But ESCAP, in a wider reference to the South Asia region, warned that public debt remains a “serious problem”, especially domestic public debt. “High domestic public debt pushes up interest rates and crowds out private investment, which is much needed to promote economic growth,” ESCAP said.
India’s fiscal deficits have increased the combined debt of the central and state governments from about 70 per cent of GDP in 1990 to about 87 per cent over 2002 to 2004. Public debt had eased recently to around 82 per cent for fiscal year 2006.
ESCAP warns that servicing the public debt is the “real burden.” In India, interest payments alone accounted for at least 28 per cent of the revenue of the central and state governments in 2005.
In order to address the debt issues, ESCAP calls for the vigorous pursuit of policies that promote growth and the strengthening of tax administration to overcome low revenues due to inefficient tax systems.
ESCAP said given the issue of widespread poverty the demand for public spending remains high. “The challenge for governments is to contain wasteful public spending and orient it towards priority sectors,” it said.
Agriculture’s revitalization key to reducing poverty
ESCAP, in a wider view of the Asia Pacific region, said efforts to reduce poverty in the region required the promotion of productivity in the agriculture sector.
“Agriculture appears to be neglected, even though it still provides jobs for 60 per cent of the working population and shelters the majority of the region’s poor people,” it said in its Survey.
The Survey goes on to note that growth and productivity in the sector have slowed and the green revolution appears to have by-passed million. “In South Asia, growth in agriculture dropped from 3.6 per cent in the 1980s to three per cent in 2002-2003,” ESCAP said.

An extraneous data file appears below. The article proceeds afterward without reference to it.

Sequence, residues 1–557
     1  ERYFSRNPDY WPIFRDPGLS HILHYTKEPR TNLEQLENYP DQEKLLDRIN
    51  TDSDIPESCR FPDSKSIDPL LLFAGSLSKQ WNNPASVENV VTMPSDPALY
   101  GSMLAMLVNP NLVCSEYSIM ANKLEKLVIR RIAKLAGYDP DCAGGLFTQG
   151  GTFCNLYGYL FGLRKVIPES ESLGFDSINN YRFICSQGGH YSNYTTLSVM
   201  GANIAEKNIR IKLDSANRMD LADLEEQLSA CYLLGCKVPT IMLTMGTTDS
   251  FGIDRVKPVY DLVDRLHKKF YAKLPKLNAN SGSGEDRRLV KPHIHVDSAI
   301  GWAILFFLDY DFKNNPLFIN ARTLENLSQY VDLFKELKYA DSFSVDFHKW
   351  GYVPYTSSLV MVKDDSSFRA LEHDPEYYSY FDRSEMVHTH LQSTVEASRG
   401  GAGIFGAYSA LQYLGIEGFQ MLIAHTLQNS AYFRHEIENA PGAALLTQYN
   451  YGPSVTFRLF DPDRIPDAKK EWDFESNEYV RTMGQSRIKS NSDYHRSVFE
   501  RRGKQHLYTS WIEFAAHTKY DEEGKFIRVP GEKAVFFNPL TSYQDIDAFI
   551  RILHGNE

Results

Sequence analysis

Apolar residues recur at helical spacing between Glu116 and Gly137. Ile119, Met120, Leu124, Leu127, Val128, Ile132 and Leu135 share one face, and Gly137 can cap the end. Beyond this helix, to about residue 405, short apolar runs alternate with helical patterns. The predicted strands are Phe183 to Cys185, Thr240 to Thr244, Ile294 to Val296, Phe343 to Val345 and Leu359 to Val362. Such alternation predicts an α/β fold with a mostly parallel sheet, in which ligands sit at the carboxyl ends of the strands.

ESCAP said that by raising the average agricultural productivity across the region some 218 million, a third of the region’s poor, could be taken out of poverty. India, China, Bangladesh and Indonesia would gain the most.
It also noted that “large gains in poverty are also possible through comprehensive liberalization of global agricultural trade, which could lift a further 48-51 million people out of poverty in the region.”
The policy focus needs to be on revitalizing agriculture. This, ESCAP said, requires connecting the poor to markets through improvements to rural infrastructure, the availability and management of water, agricultural technology, increasing the capacity to adapt technologies, and speeding up diversification and commercialization.
ESCAP says improving land distribution and access to credit and extension are also important, as well as making macroeconomic policy “friendlier to agriculture, all enabling the poor to make a dent on poverty by themselves.”
It also called for support for those looking to shift from agriculture to industry and services, whether it is still in rural areas or by way of migration to the cities.
Further information on the Survey can be found at:
For more information, please contact:
Hak-Fan Lau, UN Information Services, ESCAP
Tel.: +66-2-288-1866, Mob.: +66-84700-1147
Ari Gaitanis, UN Information Services, ESCAP
Tel.: +66-2-288-1862, Fax: +66-2-288-1052